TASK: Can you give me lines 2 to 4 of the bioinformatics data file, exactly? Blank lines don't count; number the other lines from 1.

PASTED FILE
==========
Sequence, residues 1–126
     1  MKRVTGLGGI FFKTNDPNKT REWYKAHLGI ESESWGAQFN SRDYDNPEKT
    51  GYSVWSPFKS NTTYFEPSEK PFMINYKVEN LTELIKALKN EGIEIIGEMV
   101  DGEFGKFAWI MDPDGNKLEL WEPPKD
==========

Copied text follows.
     1  MKRVTGLGGI FFKTNDPNKT REWYKAHLGI ESESWGAQFN SRDYDNPEKT
    51  GYSVWSPFKS NTTYFEPSEK PFMINYKVEN LTELIKALKN EGIEIIGEMV
   101  DGEFGKFAWI MDPDGNKLEL WEPPKD